It seems to me that few men truly understand what it's like to live with the constant knowledge that a single mistake - forgetting to take a pill, etc. - could seriously impair your ability to support yourself and any children you already have.

As a military wife who was dependent on her husband's income, this fear was with me all the time. If my husband died or became disabled, how would I support our children? We had insurance (a LOT of insurance), but that wasn't enough to allay that fear because like most people we knew, we also owned a home. And car loans.

I truly felt like a "dependent spouse". There was also the fear that my husband would be unhappy if I forgot to take a Pill and we had an unintended pregnancy. Having been married in college with no medical insurance and being (at least according to the fedgov) well below the poverty line for almost 3 years, we wanted to plan and space out our children.

All around us, other 1st Lieutenants were being forced to leave the Marines b/c they hadn't been augmented. It was a bad economy - we were in the middle of a recession and jobs were scarce. I was lucky b/c my husband worked hard to place at the top of his class, so he got a regular commission. But most of our friends had that knife hanging over their heads.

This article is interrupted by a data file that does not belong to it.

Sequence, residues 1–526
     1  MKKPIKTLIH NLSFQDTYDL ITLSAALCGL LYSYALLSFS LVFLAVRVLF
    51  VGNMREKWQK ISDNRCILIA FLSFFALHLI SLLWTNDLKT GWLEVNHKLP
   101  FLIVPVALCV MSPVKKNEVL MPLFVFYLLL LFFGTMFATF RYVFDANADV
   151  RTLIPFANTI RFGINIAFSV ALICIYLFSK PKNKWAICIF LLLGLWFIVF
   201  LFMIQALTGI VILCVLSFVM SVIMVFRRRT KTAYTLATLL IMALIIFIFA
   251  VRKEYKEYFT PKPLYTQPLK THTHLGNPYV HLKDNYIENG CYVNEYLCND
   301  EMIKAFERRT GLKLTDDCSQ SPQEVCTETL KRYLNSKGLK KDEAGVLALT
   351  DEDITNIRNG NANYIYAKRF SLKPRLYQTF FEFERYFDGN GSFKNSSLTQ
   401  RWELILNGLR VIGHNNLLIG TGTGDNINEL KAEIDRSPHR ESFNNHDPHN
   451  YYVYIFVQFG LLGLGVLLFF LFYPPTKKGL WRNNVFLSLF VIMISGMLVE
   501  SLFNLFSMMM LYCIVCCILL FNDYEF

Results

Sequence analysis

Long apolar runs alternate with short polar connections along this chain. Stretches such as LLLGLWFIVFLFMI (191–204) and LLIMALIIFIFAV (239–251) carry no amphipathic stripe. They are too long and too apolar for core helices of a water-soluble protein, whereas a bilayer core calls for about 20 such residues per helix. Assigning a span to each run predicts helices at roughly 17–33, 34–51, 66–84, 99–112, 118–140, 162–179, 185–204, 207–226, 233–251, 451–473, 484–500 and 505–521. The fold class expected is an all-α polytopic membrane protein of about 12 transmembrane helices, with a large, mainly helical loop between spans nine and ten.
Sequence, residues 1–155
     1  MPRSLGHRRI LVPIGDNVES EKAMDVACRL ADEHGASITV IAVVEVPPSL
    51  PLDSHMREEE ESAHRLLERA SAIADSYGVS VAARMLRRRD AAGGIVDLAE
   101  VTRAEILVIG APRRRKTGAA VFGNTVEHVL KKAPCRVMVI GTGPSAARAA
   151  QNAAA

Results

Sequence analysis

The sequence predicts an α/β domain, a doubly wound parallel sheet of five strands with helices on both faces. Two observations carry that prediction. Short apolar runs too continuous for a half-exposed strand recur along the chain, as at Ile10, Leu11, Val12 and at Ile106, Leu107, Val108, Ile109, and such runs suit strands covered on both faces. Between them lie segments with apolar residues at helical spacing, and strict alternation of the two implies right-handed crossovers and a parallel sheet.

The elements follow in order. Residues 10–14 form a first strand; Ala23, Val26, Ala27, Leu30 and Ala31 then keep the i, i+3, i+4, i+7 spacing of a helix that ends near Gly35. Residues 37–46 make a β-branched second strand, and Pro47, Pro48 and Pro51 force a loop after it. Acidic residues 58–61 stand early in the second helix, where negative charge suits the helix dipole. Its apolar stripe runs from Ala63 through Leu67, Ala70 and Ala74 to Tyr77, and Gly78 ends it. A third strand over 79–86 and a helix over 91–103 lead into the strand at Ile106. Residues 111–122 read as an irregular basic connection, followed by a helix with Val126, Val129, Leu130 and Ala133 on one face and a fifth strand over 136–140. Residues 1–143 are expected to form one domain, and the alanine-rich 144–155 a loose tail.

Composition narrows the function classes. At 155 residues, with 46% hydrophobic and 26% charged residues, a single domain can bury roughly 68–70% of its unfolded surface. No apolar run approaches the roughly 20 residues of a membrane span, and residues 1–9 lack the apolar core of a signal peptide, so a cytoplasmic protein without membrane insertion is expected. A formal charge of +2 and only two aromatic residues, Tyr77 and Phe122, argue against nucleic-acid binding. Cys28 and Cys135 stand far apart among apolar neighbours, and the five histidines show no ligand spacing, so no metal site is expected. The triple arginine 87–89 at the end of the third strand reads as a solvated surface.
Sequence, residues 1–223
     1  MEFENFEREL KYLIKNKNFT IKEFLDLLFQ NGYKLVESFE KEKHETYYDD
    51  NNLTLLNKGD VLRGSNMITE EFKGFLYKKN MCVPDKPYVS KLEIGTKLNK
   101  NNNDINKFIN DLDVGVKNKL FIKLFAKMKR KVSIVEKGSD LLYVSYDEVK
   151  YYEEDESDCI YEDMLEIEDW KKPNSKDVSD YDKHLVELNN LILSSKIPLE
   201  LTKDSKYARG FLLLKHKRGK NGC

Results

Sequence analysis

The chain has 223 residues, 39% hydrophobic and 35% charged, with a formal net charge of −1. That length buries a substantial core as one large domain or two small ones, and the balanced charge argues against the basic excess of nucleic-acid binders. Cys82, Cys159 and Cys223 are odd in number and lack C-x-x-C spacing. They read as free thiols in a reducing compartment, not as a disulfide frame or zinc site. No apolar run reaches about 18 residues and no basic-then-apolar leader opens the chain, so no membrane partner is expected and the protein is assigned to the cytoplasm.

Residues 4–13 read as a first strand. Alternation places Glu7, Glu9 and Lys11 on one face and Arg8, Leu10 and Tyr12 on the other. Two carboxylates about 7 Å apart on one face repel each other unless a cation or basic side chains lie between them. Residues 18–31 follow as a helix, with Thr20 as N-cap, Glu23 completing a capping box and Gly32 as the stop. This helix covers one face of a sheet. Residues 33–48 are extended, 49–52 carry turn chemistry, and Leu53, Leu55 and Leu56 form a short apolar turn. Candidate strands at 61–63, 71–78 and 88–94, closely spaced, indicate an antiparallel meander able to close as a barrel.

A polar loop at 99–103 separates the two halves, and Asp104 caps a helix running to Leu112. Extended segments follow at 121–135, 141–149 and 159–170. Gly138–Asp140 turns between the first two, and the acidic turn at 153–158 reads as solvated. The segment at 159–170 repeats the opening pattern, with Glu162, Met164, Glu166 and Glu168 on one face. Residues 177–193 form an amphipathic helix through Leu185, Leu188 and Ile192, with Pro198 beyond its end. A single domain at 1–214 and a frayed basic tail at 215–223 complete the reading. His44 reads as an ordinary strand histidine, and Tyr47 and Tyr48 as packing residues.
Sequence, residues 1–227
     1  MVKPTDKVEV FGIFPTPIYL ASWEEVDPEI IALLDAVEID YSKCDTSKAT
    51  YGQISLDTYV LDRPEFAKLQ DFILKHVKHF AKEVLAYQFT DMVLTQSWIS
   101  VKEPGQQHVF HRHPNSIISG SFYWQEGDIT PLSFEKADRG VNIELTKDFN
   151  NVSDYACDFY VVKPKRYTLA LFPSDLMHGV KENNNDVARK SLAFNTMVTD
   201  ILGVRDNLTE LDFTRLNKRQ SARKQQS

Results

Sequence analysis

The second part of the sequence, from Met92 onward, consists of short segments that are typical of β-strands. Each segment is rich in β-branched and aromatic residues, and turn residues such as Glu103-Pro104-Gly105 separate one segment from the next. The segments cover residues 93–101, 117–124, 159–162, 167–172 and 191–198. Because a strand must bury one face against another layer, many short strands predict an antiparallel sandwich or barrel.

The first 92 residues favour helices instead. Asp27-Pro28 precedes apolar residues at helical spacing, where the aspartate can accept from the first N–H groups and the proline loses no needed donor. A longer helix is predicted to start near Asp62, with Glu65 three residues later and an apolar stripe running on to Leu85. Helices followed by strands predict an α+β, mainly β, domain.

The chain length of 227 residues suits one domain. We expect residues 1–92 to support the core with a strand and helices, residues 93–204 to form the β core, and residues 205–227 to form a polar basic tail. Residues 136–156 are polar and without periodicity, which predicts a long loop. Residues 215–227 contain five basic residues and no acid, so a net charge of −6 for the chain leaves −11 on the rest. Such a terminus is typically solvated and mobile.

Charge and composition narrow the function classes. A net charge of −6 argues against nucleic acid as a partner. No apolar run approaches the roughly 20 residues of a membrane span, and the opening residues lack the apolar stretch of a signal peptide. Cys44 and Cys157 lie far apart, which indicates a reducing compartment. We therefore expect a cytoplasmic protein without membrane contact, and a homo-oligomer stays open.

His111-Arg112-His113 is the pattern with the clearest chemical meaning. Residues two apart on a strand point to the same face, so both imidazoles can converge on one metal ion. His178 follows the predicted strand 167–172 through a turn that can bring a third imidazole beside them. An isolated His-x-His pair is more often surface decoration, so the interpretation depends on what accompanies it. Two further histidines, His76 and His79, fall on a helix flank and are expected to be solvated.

Keep in mind that we had decided he would work and I would keep the home fires burning. And yet, I worried constantly. So much so that once our second son was born, I had my tubes tied.

I got pregnant so easily that I simply could not imagine spending the next 25 years in constant worry and anxiety over the possibility of an unintended pregnancy. Again, this was a hard decision because I was very young (only 23) and I actually wanted more children.

For women, our ability to support ourselves and our families (and take home enough money to live on) is directly related to pregnancy and the number of small children we have. Men don't face the same problems - they really don't. And I have found most guys, having never experienced any of this firsthand, are a little too quick to dismiss what I view as a completely legitimate fear.

You don't have to be a single Mom to experience this anxiety. You only have to ask yourself, "What would I do if my husband couldn't work anymore?"

What if he lost his job? What if he were in an accident and (on top of everything else) I had to care for him 24/7? Think of all the wounded warriors out there - this isn't an illusory fear. How on earth would I be able to afford someone to care for him and the kids while I was working at a low wage job because I chose to have children before earning a degree and getting more work experience under my belt?

I think this accounts for a lot of the emotion in this debate, and frankly I understand it completely because even though I was lucky enough to be in a strong marriage with a supportive husband, I have felt it too.

I am not completely convinced that I even had to be in the same room with my husband (much less have sex) to conceive. The month we finally decided I should go off the Pill and try for Son #2, my husband was only home for one night.